Through all three of its variations, the Rush Hour theme by Lalo Schrifin is always strong, exciting and gets you ready for some Kung Fu action. A perfect blend of spy espionage with Kung Fu funk.
8. Jaws Main Title Theme. Jaws. By John Williams.
When the legendary composer John Williams first came up with this iconic song it started with just two simple little notes on his piano. When Steven Spielberg first heard it he wasn’t exactly impressed. He thought it needed much more flair and power to it. Well, to Steven’s credit he admitted how wrong he was after this “simple” piece of music became one of the most iconic pieces of music in cinema history. The primal nature of it is a perfect illustration of the horrifying shark and his omnipresence.
7. Superfly. Superfly. By Curtis Mayfield.
Who doesn’t instantly recognize this song in the first few chords? The epitome of 70’s funk, Curtis Mayfield’s main title for the 1973 Blaxploitation hit Superfly. The song was such a hit that it became the second single released from the album and reached #8 on the Billboard Hot 100 and #5 on the Best Selling Soul Singles chart. Curtis Mayfield and his Superfly track is the embodiment of 1970’s cool as much as Issac Hayes and his Shaft track.
6. Spiderman Main Title Theme. Spiderman 1, 2 and 3. By Danny Elfman.
Truly one of the most heart pumping scores for any superhero\comic book film in history. It’s just so Spiderman and illustrates both the joy and pain of being Spiderman for Peter Parker. I personally find it to be Danny Elfman’s true masterpiece.
5. Speak Softly Love. The Godfather. By Nino Rota.
Come on. This theme is one of the all time most recognizable ever done and is it’s the most associated piece of music with The Godfather, even outranking its main title score “The Godfather Waltz” also composed by Rota. It’s so wonderfully old country Sicilian and beautifully romantic at the same time. Out of all the covers the hip hop version in my opinion is the best one that gets close to hitting you as much as the original. With this score, I’m making you an offer you can’t refuse.
4. Superman March\Main Title Theme. Superman: The Movie. By John Williams.
The number 1 greatest theme for any superhero\comic book movie ever made as well as just one of the all time greatest cinema scores period. John Williams outdid himself with this one. This theme is so associated to Superman that even if you have never seen the Christopher Reeves Superman movies you’d recognize this theme in an instant and associate it with any Superman portrayed more than their own themes.
3. Gonna Fly Now. The Rocky Films. By Bill Conti.
Everyone on the planet has worked out to this theme at one point in their lives. A truly inspiring and victorious score that makes you feel like you can go to distance with anyone in the ring as Rocky did. The chorus shouting “Flying high now” and Rocky making it to the top of the stairs with the horns full blasting brings tears to the eyes every time. No song in history has stirred up the truly powerful and triumphant feeling that this one does. Thanks, Bill Conti.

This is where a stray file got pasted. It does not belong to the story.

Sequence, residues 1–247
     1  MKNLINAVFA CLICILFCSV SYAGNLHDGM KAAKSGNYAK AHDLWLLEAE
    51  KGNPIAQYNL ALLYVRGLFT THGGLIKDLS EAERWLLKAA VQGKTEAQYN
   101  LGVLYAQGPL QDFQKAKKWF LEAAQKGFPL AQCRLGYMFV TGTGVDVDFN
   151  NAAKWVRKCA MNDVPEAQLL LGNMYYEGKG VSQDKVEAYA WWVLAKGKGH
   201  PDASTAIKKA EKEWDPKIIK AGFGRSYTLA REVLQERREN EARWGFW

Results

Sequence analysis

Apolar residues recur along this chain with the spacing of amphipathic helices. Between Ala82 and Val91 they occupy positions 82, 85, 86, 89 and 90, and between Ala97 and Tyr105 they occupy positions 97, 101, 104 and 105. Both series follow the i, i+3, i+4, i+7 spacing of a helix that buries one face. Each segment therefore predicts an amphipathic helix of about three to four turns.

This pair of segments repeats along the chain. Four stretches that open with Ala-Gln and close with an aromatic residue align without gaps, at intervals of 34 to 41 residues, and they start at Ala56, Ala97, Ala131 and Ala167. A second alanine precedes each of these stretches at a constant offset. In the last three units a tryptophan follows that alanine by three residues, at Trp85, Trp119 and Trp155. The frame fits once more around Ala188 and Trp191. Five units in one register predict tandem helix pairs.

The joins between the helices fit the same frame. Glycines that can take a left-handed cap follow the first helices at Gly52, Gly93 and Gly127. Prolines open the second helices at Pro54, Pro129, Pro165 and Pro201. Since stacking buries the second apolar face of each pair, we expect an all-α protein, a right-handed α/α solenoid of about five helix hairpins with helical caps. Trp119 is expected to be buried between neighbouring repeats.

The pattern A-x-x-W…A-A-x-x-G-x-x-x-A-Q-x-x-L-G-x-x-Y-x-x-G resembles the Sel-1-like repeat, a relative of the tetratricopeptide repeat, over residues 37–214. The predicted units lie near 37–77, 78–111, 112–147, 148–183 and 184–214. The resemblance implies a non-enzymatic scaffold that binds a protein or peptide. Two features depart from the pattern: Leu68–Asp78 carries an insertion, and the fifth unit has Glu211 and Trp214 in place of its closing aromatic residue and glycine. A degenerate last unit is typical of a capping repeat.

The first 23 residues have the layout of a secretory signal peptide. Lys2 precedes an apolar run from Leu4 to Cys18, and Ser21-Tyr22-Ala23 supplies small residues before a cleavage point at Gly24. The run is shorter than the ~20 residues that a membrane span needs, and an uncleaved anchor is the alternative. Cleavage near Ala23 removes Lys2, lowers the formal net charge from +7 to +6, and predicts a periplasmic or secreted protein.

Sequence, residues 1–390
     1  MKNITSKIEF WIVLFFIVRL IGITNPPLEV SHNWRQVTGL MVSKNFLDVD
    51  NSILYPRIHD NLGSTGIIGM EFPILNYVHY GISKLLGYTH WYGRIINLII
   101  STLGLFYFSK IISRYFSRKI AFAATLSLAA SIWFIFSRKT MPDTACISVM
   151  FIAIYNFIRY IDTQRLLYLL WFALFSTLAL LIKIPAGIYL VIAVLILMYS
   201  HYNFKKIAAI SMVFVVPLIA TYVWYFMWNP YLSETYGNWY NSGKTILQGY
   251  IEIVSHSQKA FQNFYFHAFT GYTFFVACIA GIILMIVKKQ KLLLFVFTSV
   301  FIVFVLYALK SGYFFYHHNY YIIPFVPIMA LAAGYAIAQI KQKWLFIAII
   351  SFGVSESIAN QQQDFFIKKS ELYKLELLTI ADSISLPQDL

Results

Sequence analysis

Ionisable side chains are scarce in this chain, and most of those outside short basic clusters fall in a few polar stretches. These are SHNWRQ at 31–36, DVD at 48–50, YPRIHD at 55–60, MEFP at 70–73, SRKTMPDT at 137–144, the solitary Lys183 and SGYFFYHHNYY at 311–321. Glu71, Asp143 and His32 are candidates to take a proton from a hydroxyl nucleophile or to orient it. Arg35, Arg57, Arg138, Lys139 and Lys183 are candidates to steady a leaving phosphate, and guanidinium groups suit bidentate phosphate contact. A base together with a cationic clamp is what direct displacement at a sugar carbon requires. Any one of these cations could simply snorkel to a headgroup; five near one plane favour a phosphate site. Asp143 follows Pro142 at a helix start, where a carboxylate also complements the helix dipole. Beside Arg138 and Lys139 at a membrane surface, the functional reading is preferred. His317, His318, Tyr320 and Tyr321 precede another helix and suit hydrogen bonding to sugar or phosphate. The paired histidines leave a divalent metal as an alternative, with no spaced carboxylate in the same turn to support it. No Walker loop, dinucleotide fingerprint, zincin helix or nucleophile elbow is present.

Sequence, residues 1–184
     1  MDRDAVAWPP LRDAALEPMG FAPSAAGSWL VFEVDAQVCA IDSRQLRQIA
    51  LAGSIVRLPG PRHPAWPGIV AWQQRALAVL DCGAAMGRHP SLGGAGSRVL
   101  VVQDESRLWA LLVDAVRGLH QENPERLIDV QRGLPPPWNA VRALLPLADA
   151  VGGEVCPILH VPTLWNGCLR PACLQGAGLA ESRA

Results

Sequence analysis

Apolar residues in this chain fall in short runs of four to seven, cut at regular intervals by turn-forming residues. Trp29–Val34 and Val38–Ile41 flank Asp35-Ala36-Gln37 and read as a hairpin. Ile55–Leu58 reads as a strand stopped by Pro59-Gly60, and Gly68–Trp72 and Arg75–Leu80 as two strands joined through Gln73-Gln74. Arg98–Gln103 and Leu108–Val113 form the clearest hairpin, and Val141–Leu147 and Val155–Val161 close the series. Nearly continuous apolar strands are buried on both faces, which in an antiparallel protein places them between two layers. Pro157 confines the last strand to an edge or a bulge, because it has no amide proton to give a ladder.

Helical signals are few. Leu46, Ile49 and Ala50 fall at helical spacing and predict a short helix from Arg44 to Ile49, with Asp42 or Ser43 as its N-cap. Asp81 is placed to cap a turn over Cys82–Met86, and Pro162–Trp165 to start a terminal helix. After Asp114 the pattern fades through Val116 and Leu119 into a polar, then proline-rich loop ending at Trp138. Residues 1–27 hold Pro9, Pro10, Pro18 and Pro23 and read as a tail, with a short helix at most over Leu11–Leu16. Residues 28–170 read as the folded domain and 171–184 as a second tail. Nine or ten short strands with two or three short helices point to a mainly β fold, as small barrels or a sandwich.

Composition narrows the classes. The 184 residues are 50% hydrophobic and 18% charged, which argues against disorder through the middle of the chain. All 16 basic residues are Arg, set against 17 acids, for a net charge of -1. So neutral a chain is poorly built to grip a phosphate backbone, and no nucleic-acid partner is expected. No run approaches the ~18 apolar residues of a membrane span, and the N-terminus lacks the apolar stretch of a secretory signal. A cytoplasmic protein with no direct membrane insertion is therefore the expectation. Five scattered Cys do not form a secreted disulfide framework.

2. Axel F. The Beverly Hills Cop Films. By Harold Faltermeyer.
Nothing perhaps defines the eighties more than the Axl F theme from the Beverly Hills Cop series. Just so memorable and fun to listen to as well as hum. Axl Foley is one of the world’s most iconic characters and this iconic piece is just as iconic and suits him beautifully.
- Theme From Shaft. Shaft. By Issac Hayes.
A true masterpiece in every sense of the word. This song by the late great Issac Hayes is not only iconic because of how truly amazing it is, it also changed the game for scoring of movies, and specifically scores for films featuring black heroic leads. It’s as perfect a song as you could ask for with the brilliantly versatile uses of different instruments. The long build up consisting of solos of bass, horns, violins, guitar etc. is masterful. And it wouldn’t be anywhere near as iconic without Issac Hayes’ vocals that so perfectly hypes John Shaft up as the super badass black private dick whose the sex machine to all the chicks. It’s hard to think of two greater moment in human history than when Mr. Hayes received the Oscar for the Theme From Shaft and when he did a killer live performance on David Letterman. It’s not hyperbole to state that this one single has influenced various pieces of music and artists since and we can dig it.
Say goodbye to the rest of your morning\afternoon\evening as you fall into the musical abyss.